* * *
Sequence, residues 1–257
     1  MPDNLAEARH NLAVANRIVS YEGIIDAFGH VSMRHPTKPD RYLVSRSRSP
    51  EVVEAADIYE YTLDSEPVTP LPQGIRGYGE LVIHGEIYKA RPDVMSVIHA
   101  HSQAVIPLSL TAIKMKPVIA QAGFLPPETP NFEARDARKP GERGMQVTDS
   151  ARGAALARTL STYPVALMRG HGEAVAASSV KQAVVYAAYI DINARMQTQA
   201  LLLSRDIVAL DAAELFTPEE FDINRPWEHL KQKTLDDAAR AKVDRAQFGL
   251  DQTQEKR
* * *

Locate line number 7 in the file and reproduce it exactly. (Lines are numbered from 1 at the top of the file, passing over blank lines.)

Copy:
   251  DQTQEKR